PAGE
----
So why these topics? The world is changing, it is changing faster than ever before and the minders of the store have been so selfish in regards to their own personal needs (read: visibility of self via ego) and achievements that the duty they had was pushed under the rug. This is how I personally see the F-35 project.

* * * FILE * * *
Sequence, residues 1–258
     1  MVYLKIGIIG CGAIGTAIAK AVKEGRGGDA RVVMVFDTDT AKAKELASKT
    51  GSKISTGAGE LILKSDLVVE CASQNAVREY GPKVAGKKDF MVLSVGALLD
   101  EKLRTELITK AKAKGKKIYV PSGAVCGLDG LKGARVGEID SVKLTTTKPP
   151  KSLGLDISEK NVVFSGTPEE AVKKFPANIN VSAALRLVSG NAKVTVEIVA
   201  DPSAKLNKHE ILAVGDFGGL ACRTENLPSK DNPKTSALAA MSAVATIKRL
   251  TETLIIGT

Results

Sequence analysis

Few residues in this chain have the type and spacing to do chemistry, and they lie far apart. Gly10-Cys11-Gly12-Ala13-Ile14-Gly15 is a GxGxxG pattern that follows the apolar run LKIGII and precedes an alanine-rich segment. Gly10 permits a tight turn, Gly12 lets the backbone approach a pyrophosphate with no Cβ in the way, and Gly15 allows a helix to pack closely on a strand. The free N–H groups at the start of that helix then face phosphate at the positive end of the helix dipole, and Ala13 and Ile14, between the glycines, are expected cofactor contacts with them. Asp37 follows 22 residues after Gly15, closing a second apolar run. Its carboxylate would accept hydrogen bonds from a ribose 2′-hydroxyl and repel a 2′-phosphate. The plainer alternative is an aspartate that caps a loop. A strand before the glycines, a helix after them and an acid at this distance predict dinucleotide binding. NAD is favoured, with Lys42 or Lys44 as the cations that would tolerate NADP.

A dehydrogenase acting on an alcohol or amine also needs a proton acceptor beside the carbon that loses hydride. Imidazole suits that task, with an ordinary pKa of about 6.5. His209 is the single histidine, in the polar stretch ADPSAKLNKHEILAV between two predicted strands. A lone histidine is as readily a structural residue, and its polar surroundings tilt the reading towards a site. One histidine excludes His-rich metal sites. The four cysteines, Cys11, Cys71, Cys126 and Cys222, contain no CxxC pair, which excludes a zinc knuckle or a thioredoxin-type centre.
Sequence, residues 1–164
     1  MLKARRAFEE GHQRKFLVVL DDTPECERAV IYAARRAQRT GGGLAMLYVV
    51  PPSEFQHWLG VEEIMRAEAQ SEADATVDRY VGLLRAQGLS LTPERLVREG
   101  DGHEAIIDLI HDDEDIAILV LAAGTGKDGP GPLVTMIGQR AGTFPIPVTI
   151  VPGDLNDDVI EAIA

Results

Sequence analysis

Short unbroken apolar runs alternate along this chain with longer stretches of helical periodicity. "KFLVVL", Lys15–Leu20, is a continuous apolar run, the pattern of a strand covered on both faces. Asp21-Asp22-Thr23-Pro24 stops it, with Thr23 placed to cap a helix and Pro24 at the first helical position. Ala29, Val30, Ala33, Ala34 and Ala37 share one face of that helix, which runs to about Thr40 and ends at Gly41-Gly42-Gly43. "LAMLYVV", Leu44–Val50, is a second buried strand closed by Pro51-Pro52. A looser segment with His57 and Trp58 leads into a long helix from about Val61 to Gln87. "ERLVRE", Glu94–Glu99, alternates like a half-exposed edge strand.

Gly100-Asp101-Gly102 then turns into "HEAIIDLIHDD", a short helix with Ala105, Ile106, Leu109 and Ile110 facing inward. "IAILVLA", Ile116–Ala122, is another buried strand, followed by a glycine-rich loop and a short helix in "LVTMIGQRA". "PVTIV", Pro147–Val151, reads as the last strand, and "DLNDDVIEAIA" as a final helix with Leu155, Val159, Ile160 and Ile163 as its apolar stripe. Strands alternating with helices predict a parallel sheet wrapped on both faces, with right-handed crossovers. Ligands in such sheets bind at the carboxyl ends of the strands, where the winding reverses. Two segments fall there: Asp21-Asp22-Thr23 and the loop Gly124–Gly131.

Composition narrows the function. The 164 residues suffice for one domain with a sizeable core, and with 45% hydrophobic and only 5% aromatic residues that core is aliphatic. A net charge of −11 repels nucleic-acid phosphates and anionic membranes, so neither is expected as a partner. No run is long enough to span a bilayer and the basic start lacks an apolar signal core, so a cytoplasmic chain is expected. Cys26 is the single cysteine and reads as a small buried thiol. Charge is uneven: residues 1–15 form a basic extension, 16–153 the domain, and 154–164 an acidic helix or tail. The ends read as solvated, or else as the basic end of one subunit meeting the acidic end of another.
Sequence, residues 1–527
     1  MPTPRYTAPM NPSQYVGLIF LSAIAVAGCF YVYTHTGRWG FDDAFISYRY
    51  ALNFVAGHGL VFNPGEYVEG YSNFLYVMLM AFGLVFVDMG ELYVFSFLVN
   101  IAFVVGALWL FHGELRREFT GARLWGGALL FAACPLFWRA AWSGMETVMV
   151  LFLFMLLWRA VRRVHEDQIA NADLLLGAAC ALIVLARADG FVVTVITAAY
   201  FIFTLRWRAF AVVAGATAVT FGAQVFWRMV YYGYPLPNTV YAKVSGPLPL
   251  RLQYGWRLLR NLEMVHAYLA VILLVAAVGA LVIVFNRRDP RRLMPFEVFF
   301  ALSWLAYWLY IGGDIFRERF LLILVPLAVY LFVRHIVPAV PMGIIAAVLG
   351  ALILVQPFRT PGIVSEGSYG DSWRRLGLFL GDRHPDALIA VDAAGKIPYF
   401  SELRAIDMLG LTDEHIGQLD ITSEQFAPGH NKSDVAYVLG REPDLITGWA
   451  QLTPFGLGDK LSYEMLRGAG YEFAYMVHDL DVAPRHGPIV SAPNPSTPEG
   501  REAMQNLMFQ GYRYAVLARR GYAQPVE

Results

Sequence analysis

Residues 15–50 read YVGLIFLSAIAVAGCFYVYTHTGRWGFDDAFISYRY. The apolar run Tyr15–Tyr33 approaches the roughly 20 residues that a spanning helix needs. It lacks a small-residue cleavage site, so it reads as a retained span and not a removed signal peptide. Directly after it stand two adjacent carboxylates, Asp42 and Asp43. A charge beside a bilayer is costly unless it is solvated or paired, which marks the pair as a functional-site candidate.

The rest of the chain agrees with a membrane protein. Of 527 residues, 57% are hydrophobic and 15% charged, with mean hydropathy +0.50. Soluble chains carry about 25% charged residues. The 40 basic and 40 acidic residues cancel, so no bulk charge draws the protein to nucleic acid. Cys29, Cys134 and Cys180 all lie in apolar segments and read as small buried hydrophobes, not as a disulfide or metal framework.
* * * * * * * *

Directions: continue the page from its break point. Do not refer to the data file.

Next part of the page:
The financial sector in the UK alone these financial boys (girls also) had the bulk of the £44bn in bonuses this year, so did your quality of life increase any (the topic jump will make sense in a few moments)? Now, even as wealth increased, it did not do so to that extent. It is not that fair to just have a go at the financial sector, apart from the fact that they ended up with bonuses of 1900% more than the amount all the others got, so balance is not that much in play. That view is shown stronger as we look at Forbes this week (at http://www.forbes.com/sites/francescoppola/2016/12/28/greece-the-game-is-on-again/#2585dbd946e5), the quotes that matter here are “Euclid Tsakalotos, the normally mild-mannered Finance Minister, accused the IMF writers of “economizing on the truth”. He pointed out that the main reason why so few Greeks pay income taxes is that their incomes have crashed, and that nearly half of Greek pensioners are living below the poverty line” and “The IMF’s case is that pension cost as a proportion of GDP is now unsustainable, and further, that the creditors are not going to agree to debt relief while pension cost remains so high. It is probably right on both counts. But once again, what really matters is the psychological framing“, in that regard I will be on the side of the Greeks, but not on the side of Greece. You see when their previous governments got loans and misrepresented their value, they had zero consideration on what pensions were in regards to the loans that they were getting under false pretense, in that regard, did any of those politicians go to jail? Did they refund 90% of their incomes? I am certain that the answer to both is ‘No!’, in addition those elected officials are sitting pretty and nowhere near the poverty line. Yet in all this the hardship is not over, in addition, the facts (as I personally see them) requires a little more digging, especially when I read “Attica Bank, the country’s fifth-largest lender, was poised to install a new management team he thought was capable of turning round the struggling lender” which were the thoughts of Yannis Stournaras, the governor of the central bank of Greece, which was followed by “While he was in the air, the government in Athens reversed the decision to award the job to Mr Pantalakis. It was his introduction to a web of allegedly related events, ranging from a raid on his wife’s business to an unsuccessful bid for TV rights backed by Attica loans“, this gives the implied issues on Yannis Stournaras, which gives more cause concern when we see “A confidential report on Attica carried out this year by the European Central Bank, the Eurozone’s top bank supervisor, and seen by the Financial Times, cited “severe findings” of poor governance and inadequate controls on lending. With some 70 per cent of its loans rated as non-performing, Mr Stournaras and others believed Attica urgently needed a professional banker at the helm. Government sources denied any intervention in the process to select Attica’s CEO” (at https://www.ft.com/content/aab0aaba-c6db-11e6-8f29-9445cac8966f). The implications are on a few levels especially in the light of ‘government sources denied‘, there is a mess on a few levels and the idea that personal needs were adamant in decisions is not without probable cause. The levels that are in question cannot be set because too much information is missing, but there are issues, make no mistake about that.